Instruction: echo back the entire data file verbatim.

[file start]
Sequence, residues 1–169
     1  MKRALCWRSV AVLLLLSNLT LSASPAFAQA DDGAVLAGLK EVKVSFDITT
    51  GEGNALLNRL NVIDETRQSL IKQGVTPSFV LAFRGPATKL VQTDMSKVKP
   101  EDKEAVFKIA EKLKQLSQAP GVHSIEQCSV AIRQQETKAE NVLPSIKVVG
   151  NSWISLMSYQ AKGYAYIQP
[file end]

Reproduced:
Sequence, residues 1–169
     1  MKRALCWRSV AVLLLLSNLT LSASPAFAQA DDGAVLAGLK EVKVSFDITT
    51  GEGNALLNRL NVIDETRQSL IKQGVTPSFV LAFRGPATKL VQTDMSKVKP
   101  EDKEAVFKIA EKLKQLSQAP GVHSIEQCSV AIRQQETKAE NVLPSIKVVG
   151  NSWISLMSYQ AKGYAYIQP